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Stress, failures and disappointment hit both parties hard in the first 2 months of the project. They had to constantly assure themselves that there would always be a way out, and they just had to find it. This self-belief, amazingly, acted like a dose of doping that stimulated them to keep walking. After a few months, the “Tokyo Crepes” project has succeeded in reconstructing Tokyo Crepes’ business structure, marketing strategy and financial management. “Sometimes we’re weary to death. This initial attainment is like a raindrop to our year-long drought. Like a ray of light that urges our feet to move until the end of the tunnel.” - says Phu, “Tokyo Crepes” Project Manager of Enactus. With unstoppable heartbeats, mighty courage, and ceaseless perseverance, Enactus will surly bring about a flourishing future of the “Tokyo Crepe” project, reflecting its two core values: sharing and professionalism. For further information, visit Enactus RMIT Vietnam’s Facebook page:

Campus & Career

Good Morning Melbourne! All of the buildings in this photo belong to RMIT Melbourne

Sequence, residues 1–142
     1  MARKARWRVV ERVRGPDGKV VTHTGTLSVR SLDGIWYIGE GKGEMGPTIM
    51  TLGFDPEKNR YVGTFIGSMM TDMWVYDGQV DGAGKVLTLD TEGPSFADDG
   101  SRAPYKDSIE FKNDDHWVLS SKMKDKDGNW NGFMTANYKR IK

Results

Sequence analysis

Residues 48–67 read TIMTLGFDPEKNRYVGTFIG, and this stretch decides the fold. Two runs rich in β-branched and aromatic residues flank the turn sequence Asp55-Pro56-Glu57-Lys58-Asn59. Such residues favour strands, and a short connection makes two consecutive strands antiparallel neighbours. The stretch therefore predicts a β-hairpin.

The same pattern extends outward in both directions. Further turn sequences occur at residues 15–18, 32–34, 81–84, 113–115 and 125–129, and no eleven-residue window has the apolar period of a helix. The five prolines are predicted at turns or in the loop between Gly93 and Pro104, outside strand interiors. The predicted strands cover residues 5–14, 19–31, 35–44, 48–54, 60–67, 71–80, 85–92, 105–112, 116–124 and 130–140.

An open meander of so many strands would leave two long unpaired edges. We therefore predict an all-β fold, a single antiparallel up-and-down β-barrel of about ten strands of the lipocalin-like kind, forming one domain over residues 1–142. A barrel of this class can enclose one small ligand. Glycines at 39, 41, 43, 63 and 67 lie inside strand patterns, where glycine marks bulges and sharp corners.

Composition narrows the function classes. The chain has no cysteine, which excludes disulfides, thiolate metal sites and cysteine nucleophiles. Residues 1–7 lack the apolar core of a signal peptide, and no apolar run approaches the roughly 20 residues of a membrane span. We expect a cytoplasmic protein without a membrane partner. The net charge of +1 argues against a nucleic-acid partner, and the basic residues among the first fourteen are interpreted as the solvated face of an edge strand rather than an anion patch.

, g n i n r o M ! d e o Go ourn lb e M

ng huo



P yen

gu ds N r o W

one ery es like v E . go am ogr nd me r p ea ge han lbourn c x e e fM m’s tna tory o e i es IT V RM dy. Th g n uri bud ne d all her r u lbo .Ic t Me a city e I m her s call ... this

An everyday view of the city centre. The area behind the tram is Federation Square

Issue 3 Blitz Magazine   9

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Flinders Street Station

Melbourne is a typical lady, lovely but erratic. She could get to 25oC like a warm heart on Monday and then fall below 10oC on Tuesday like a terribly cold war. Sometimes she is moody, dropping tears for no good reason. Yes, the weirdest friend of mine ever! My biggest fear when befriending Melbourne? Waking up at 8 am to prepare for morning classes during the whole winter period. Here’s the process: I woke up, trembled in the icy arms of Melbourne and bargained for a couple more minutes to sleep. I went to RMIT half-dreamy and wondered where my class was. “Is it 9.2.31 or 10.10.02 or 8.9.41 or what?” A school with too many buildings sometimes is not that good, isn’t it? I opened my note, checked the room and rushed to class like a hungry cheetah. That cycle kept repeating, and I kept begging Melbourne to stop torturing me with those frozen mornings. Hah! Melbourne also introduced me to many interesting friends of 10   Blitz Magazine Issue 3